In order to introduce the No. 6 Bill into Parliament, backbenchers need to move fast to wrest control of House of Commons business from the Government. They need to:

  • pass this Standing Order No. 24 motion (an emergency debate motion) today (3 September) to take control of the order paper the following day;
  • pass a business motion to allow a new bill to go through all Commons stages tomorrow (4 September); and
  • pass the No. 6 Bill itself.

Bill No. 6 will then need to go to the Lords, who will need to pass it before Parliament is prorogued (potentially as early as 9 September).

The Bill takes a similar approach to the European Union (Withdrawal) Act 2019, by requiring the PM to ask for an extension to the Article 50 negotiating period to avoid a no-deal Brexit on 31 October. The Bill says:

  • if MPs haven’t approved a deal in a meaningful vote, or approved leaving the EU without a deal by 19 October, then the PM must send a letter (the form of which is appended to the Bill) to the President of the European Council which seeks an extension to Article 50 until 31 January 2020. If the EU agrees to the date, then the PM should agree to that extension;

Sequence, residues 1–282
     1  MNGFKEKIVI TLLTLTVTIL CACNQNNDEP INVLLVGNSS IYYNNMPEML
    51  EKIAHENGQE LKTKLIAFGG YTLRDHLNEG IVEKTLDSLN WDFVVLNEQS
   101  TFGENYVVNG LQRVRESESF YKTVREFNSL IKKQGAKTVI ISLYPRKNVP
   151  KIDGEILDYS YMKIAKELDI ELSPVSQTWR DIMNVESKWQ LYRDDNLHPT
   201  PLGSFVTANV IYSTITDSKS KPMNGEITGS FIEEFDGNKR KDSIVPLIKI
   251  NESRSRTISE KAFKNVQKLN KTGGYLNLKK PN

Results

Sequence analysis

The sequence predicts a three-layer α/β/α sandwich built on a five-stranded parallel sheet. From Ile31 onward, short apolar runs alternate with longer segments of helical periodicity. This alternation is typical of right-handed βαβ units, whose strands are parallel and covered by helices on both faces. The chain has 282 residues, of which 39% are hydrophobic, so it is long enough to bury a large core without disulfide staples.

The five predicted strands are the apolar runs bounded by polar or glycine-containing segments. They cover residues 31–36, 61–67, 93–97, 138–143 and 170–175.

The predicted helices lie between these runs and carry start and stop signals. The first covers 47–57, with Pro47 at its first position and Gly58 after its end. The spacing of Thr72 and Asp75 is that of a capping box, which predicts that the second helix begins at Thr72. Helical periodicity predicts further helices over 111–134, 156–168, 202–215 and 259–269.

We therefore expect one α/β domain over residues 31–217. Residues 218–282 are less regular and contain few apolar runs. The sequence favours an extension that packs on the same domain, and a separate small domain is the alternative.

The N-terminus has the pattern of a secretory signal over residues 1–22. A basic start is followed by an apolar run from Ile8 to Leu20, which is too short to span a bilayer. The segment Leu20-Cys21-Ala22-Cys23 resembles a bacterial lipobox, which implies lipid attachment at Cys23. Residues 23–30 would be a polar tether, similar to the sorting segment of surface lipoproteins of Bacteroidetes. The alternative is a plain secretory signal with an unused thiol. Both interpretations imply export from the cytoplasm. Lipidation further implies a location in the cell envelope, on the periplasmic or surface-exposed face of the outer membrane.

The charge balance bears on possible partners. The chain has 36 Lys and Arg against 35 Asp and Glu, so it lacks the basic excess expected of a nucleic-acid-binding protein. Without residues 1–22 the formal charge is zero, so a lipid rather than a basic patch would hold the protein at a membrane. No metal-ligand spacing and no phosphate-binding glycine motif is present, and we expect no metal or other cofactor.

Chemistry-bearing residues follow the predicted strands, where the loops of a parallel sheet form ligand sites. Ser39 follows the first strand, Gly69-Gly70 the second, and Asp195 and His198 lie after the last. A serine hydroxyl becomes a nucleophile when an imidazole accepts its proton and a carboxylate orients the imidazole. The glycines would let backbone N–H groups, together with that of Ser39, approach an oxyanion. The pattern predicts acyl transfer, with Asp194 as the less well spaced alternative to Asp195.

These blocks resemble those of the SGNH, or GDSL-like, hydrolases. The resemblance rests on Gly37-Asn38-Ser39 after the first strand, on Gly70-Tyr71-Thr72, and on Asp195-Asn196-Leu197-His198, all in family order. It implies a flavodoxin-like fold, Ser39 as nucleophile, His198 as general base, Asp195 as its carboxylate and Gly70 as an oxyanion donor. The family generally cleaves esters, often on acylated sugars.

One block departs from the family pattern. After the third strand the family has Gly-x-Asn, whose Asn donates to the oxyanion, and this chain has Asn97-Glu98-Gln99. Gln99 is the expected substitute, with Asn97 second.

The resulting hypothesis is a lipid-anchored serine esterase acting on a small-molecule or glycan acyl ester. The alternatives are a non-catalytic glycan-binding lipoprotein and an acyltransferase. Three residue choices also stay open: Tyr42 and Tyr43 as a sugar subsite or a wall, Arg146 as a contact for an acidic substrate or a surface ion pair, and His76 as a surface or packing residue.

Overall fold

• if the EU proposes an alternative date, then the PM should agree to it, unless MPs do not approve that date;
  • the Bill does not stop the PM from agreeing an extension to Article 50 himself;
  • if an extension is agreed, then the Bill requires the SExEU (Steve Barclay) to publish a report on progress made on negotiations by 30 November 2019. MPs would then have five days to vote on an amendable motion to approve the report. If MPs don’t pass the motion approving the report – or the motion is amended – the Secretary of State is required to publish a further report by 10 January 2020;
  • the Bill requires the Secretary of State to publish further reports every 28 calendar days from 7 February 2020 until the UK reaches a deal with the EU – or the House of Commons decides it doesn’t need to; and
  • the Bill also amends EUWA 2018 to say that ministers ‘must’ amend the date of exit by statutory instrument, rather than ‘may’ amend the date of exit.

Some commentators have already highlighted that the requirement that the PM agree to the extension (in italics above) may cause MPs a problem. This is because of something called ‘Queen’s consent‘ which is required where a Bill interferes with the exercise of a prerogative power, such as the negotiation of international treaties. If a Bill affects a prerogative, a Government minister must explicitly confirm at Third Reading that the Government agrees that the Bill should pass. The Government’s refusal to indicate its approval is fatal for the Bill (as has happened four times before). EUWA 2019 didn’t require Queen’s consent because it only required the PM ‘to seek’ an extension; the No. 6 Bill goes further in requiring the PM to agree to one. However, had the proponents of the No. 6 Bill only mandated the PM to seek an extension, the PM would potentially be free to refuse to accept one offered by the EU.